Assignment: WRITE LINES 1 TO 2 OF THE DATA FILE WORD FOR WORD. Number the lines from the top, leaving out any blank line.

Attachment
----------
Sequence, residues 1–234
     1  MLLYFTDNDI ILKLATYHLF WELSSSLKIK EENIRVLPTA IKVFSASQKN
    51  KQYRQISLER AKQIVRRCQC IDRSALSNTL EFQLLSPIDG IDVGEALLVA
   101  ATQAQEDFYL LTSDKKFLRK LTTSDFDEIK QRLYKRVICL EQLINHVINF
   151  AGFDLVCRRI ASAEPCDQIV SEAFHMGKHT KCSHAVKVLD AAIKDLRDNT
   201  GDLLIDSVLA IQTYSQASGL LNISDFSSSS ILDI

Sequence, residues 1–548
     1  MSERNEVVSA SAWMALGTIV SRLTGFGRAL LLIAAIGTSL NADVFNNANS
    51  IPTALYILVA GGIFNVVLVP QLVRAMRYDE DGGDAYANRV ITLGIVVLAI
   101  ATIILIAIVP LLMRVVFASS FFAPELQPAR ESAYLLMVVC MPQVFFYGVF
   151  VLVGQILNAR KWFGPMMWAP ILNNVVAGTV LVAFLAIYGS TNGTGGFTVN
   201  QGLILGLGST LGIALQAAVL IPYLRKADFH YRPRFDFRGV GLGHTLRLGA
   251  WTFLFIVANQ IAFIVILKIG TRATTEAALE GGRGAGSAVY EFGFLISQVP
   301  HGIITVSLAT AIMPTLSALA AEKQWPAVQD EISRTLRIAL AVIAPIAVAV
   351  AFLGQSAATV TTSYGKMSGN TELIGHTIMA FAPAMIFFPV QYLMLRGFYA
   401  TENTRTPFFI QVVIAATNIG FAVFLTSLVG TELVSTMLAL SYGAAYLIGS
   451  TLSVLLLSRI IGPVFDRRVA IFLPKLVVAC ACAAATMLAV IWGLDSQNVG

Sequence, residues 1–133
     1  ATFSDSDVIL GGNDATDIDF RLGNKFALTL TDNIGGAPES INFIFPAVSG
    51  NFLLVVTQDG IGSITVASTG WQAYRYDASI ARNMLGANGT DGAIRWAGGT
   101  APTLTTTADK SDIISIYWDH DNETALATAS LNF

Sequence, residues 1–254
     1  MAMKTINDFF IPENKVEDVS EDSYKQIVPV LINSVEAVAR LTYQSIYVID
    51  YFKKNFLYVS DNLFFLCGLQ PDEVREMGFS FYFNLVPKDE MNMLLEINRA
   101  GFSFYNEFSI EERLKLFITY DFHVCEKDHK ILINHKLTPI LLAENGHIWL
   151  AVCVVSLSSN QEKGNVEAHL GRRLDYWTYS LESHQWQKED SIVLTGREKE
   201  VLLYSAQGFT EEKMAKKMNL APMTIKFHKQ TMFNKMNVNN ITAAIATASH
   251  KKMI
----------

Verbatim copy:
Sequence, residues 1–234
     1  MLLYFTDNDI ILKLATYHLF WELSSSLKIK EENIRVLPTA IKVFSASQKN